However, Pali manuscripts are not the only old Buddhist manuscripts, and Mahayana literature contains variants of many of them. So we are faced with two competing old streams of Buddhist camps and their claims. One is of Theravada, and the other of Mahayana, for in Mahayana it is maintained that Buddha imparted an esoteric (insider) teaching too. The Mahayana view is:
Mahayanists account for the claimed esoteric teachings in terms of "the three turnings of the Dharma-wheel". They maintain that the Pali suttas represent only the first turning of the wheel, the most basic presentation of the Dharma, sufficient for the majority of disciples; the Mahayana sutras represent the second turning, a more profound exposition containing material which only advanced disciples were fit to hear and apply; and the tantras of the Vajrayana, with their obscure symbolism, represent the third turning, a presentation of the highest and most difficult doctrines, for the benefit of the most competent or advanced students. (Op.cit, p. 2)
Many of the philosophical doctrines expressed in the Mahayana texts (sunyata, prajna-upaya, etc.) did not become current until some centuries after Gotama [[[Buddha]]]'s death. The claim that these doctrines were known only to certain chosen disciples charged with secretly transmitting them is unconvincing. (Op.cit, p. 3)
The two authors see evidence for an esoteric transmission in the elaborate symbolic language in Vajrayana of Tibet, and its Chinese/Japanese counterparts. They write, "This system of symbols, known as the Twilight Language . . . incorporates various symbolic devices (mandalas, mudras, etc.), often explicitly sexual . . . "that secret language" (Ibid).
Yogi insider language that uninformed folks guess about or try to unriddle is said to have been created by those who hold the keys to the lore - gurus in an esoteric meditative tradition - to aid in preserving and communicating secret doctrines. The keys are knowledge on just how to perform the methods hinted at; and skilled interpretations of what the symbols are supposed to mean, since those symbols are held to denote aspects of the meditative path to enlightenment. Yet, those who grasp them all full well may be few and far between, the authors go on to tell. Anyhow, there are books about Tibetan iconography, with explanations (Lauf 1995).
As for the exact old practices, many may be in the dark.
The Twilight Language has been around in Tibetan Buddhism for long, and is evidence of some form of esoteric transmission in Vajrayana Buddhism at least. Did such tantric teachings originated long after the time of Buddha to become grafted onto Buddhism? If so, if possibly so, do the constructs and practice the symbolic features are taken to refer to, stem from Buddha anyhow? In other words, could authors of the tantras have come up with new symbols adapted to an ancient transmission? If so, it can be awfully hard to document, since secret teachings seldom leave outward "footprints" or traces. We make do with: "'Could be' is not exactly 'is'." And there is where matters seem to stand for the lack of good evidence and agreement among great scholars in this field.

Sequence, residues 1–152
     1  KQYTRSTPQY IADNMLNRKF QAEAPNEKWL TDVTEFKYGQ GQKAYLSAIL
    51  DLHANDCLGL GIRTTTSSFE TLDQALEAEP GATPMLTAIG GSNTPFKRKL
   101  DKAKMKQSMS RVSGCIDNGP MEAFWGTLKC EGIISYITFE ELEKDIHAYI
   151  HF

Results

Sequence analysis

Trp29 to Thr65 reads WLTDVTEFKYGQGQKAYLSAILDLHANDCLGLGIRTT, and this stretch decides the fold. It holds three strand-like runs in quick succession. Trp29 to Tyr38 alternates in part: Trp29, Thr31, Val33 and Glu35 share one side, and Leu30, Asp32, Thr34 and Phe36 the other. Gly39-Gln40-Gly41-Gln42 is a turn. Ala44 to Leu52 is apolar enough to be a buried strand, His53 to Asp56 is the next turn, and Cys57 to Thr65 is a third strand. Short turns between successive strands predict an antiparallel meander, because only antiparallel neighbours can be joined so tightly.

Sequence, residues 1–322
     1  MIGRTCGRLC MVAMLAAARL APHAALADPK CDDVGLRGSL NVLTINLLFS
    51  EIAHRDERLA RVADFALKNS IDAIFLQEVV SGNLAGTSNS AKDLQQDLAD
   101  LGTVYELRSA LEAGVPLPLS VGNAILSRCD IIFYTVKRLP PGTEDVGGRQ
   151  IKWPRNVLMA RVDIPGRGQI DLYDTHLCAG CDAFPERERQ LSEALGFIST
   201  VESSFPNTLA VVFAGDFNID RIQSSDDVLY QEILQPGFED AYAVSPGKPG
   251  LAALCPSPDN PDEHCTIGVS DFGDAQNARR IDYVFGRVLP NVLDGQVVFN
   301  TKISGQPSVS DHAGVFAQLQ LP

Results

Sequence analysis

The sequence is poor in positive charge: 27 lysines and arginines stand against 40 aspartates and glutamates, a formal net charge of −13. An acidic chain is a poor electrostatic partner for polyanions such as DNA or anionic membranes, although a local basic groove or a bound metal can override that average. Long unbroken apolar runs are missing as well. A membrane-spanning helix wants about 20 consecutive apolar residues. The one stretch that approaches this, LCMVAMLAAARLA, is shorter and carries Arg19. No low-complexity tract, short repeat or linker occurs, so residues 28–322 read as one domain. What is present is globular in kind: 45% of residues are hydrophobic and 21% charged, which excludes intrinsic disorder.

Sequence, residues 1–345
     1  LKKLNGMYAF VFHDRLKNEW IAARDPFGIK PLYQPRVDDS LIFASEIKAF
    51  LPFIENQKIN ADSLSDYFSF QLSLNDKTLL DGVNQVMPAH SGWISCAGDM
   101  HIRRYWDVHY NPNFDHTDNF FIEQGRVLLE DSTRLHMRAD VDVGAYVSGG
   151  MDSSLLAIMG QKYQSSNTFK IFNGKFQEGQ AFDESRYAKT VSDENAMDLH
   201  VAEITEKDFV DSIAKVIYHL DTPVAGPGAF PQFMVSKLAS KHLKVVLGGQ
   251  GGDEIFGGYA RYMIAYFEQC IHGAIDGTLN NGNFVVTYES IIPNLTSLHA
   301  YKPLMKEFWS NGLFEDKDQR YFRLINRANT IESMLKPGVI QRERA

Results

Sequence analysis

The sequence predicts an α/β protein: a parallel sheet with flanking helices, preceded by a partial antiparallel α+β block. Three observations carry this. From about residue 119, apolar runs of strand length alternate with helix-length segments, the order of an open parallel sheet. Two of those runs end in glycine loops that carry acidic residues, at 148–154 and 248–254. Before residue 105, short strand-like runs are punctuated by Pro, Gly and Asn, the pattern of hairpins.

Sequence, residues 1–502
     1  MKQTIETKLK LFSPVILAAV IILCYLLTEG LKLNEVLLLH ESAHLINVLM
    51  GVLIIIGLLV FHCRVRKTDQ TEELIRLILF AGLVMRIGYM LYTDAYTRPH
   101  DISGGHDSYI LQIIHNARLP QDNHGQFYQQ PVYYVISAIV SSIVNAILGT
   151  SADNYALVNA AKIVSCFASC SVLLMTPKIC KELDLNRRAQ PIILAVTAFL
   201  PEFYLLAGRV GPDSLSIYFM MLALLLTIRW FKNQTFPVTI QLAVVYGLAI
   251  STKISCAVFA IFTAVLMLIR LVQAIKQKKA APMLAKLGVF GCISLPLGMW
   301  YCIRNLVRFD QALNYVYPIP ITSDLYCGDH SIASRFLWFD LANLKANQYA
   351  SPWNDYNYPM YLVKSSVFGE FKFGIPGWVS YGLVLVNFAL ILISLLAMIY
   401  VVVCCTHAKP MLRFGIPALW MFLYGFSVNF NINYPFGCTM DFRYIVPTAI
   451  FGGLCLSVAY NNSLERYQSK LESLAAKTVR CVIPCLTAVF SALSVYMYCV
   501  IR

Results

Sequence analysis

The art of being tentative builds on skills to be learnt. Armed with these outlooks and reservations, it behooves us to be a bit tentative among those who say, "There is no esoteric tradition" and those who say the esoteric tradition is "none the less potent, none the less reliable for the fact that it is nowhere, in more than fragments, written down"," as Christmas Humphreys has it in Buddhism (1962:14). Also, in the Pali Canon Buddha says he has access to much more knowledge than he had transmitted. That should have made it hard for him to teach all he had accessed and knew - It could be like emptying a huge mug into little cups. (Op.cit. p. 6n) He teaches a good selection, he says. (SN 56.31)
Weighing the probabilities and evidence at hand, Stuart-Fox and Bucknell find that "Overall, the Mahayana evidence for an esoteric transmission is inconclusive." Inconclusive evidence and circumstantial evidence is evidence you should not conclude aloud on top of, but you may show a leaning, as the authors do: "Buddha probably did initiate an esoteric transmission." That is what Martin Stuart-Fox and Roderick Bucknell conclude with in their article "Did the Buddha impact an Esoteric Teaching?"
The question is open to debate. 
On another note . . .